Prime Minister of Malta Joseph Muscat just announced that Malta will become “the blockchain island.” In his address to the United Nations General Assembly, Malta’s Prime Minister explained what blockchain and cryptocurrency will do for the small European nation of Malta, and how the world can benefit from a global digital economy.
Malta Wants to Adopt Blockchain
The Prime Minister of Malta began his United Nations speech, “I believe that global problems require global solutions.” Instead of adopting nationalism, Malta’s leader proposed an international, cooperative approach. “Local solutions breed global problems with devastating results,” Muscat added.
Specifically, Malta looks at pollution and immigration as global issues. An island in the Mediterranean, Malta contends with ocean pollution and massive immigration from war-torn regions to the south.
Malta’s answer to hurdles like immigration and pollution? Blockchain, AI and technology as a whole. “This is why, in Malta, we have launched ourselves as the blockchain island,” the Prime Minister explains to the United Nations.
According to Muscat, they are the first place to regulate a technology that, as he puts it, exists in a “legal vacuum.” He goes on to characterize cryptocurrency as “the inevitable future of money.”
Blockchain Beyond Cryptocurrency
Malta sees cryptocurrency as the future of money. Beyond crypto, the Prime Minister of Malta also suggests applying blockchain technology for medical records.
“It can provide solutions to healthcare solutions where patients have real ownership of their medical records,” he explained. This comes after Italy and a majority of other European Union countries came out in support of a Europe-wide blockchain initiative.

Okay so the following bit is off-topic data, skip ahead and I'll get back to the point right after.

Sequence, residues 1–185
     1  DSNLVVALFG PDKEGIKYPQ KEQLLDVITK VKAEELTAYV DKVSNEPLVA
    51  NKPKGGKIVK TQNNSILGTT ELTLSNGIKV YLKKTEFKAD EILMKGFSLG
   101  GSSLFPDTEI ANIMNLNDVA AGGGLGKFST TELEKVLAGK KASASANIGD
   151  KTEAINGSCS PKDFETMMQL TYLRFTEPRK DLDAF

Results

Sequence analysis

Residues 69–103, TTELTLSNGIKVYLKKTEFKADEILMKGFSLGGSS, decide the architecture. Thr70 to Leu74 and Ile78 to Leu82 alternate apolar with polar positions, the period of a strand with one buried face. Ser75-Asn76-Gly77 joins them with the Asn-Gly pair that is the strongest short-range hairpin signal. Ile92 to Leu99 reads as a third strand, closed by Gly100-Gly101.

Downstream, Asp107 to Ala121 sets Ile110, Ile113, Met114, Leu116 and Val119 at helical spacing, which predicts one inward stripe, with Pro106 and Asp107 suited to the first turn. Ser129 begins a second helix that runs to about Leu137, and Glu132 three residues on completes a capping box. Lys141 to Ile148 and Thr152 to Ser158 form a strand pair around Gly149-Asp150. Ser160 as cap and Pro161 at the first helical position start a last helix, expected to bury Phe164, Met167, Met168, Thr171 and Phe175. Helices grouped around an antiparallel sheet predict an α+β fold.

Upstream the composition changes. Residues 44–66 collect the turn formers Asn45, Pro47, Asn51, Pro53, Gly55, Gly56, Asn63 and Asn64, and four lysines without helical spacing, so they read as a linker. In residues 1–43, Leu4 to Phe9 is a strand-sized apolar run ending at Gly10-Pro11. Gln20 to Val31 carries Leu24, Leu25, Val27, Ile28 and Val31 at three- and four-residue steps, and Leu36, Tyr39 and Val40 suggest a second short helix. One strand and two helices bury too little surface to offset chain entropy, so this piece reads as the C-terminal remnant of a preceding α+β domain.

Furthermore, Malta looks to use blockchain to give people control over their data—taking control away from states and companies.
Malta To Become “The Blockchain Island”
As part of Malta’s larger push to adopt blockchain and accept cryptocurrency, Malta’s Prime Minister foreshadows the rise of the digital economy.
First and foremost, it could give people control over their data, including their medical records, explained Malta’s Prime Minister. Cryptocurrency can also function as a more global alternative to fiat, cryptocurrency terminology meaning government-backed, currency. For these reasons and more, Malta is to become “the blockchain island” joining the most cryptocurrency friendly cities and countries.
But the president of Malta asserts the digital economy will create new challenges, too. “One of them [questions posed by digitization] is the nature of work,” Muscat explains. “How we envisage it, how we compensate it, how we maximize its efficiency and how the state creates safety nets.”
In other words, blockchain will make a lot of work redundant. In fact, blockchain may leave you and everyone else unemployed. Despite this, Malta sees blockchain and cryptocurrency as the path to the future.